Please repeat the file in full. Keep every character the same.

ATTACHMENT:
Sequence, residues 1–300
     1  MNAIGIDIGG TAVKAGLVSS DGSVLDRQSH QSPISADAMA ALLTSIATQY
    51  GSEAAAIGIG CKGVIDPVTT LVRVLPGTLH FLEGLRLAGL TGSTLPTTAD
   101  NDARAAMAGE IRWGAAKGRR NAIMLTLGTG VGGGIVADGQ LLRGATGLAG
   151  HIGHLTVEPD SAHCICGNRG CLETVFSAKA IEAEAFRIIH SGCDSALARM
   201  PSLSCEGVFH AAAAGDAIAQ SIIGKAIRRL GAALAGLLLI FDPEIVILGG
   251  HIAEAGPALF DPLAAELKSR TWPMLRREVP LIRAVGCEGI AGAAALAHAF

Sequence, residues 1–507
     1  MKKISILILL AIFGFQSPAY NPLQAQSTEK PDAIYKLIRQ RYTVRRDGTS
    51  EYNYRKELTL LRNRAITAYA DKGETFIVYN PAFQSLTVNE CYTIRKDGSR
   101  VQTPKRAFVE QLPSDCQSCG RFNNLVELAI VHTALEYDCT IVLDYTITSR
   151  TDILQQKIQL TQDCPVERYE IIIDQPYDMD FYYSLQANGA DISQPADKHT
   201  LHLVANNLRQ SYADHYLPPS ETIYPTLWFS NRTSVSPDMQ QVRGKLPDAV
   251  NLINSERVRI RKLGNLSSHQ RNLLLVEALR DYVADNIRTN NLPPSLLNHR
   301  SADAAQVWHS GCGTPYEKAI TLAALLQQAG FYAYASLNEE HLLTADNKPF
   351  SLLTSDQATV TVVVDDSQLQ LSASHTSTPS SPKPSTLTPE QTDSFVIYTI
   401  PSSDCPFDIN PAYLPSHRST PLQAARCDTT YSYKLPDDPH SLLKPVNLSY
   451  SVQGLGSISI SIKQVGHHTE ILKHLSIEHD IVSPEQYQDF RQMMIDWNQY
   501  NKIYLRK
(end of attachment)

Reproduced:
Sequence, residues 1–300
     1  MNAIGIDIGG TAVKAGLVSS DGSVLDRQSH QSPISADAMA ALLTSIATQY
    51  GSEAAAIGIG CKGVIDPVTT LVRVLPGTLH FLEGLRLAGL TGSTLPTTAD
   101  NDARAAMAGE IRWGAAKGRR NAIMLTLGTG VGGGIVADGQ LLRGATGLAG
   151  HIGHLTVEPD SAHCICGNRG CLETVFSAKA IEAEAFRIIH SGCDSALARM
   201  PSLSCEGVFH AAAAGDAIAQ SIIGKAIRRL GAALAGLLLI FDPEIVILGG
   251  HIAEAGPALF DPLAAELKSR TWPMLRREVP LIRAVGCEGI AGAAALAHAF

Sequence, residues 1–507
     1  MKKISILILL AIFGFQSPAY NPLQAQSTEK PDAIYKLIRQ RYTVRRDGTS
    51  EYNYRKELTL LRNRAITAYA DKGETFIVYN PAFQSLTVNE CYTIRKDGSR
   101  VQTPKRAFVE QLPSDCQSCG RFNNLVELAI VHTALEYDCT IVLDYTITSR
   151  TDILQQKIQL TQDCPVERYE IIIDQPYDMD FYYSLQANGA DISQPADKHT
   201  LHLVANNLRQ SYADHYLPPS ETIYPTLWFS NRTSVSPDMQ QVRGKLPDAV
   251  NLINSERVRI RKLGNLSSHQ RNLLLVEALR DYVADNIRTN NLPPSLLNHR
   301  SADAAQVWHS GCGTPYEKAI TLAALLQQAG FYAYASLNEE HLLTADNKPF
   351  SLLTSDQATV TVVVDDSQLQ LSASHTSTPS SPKPSTLTPE QTDSFVIYTI
   401  PSSDCPFDIN PAYLPSHRST PLQAARCDTT YSYKLPDDPH SLLKPVNLSY
   451  SVQGLGSISI SIKQVGHHTE ILKHLSIEHD IVSPEQYQDF RQMMIDWNQY
   501  NKIYLRK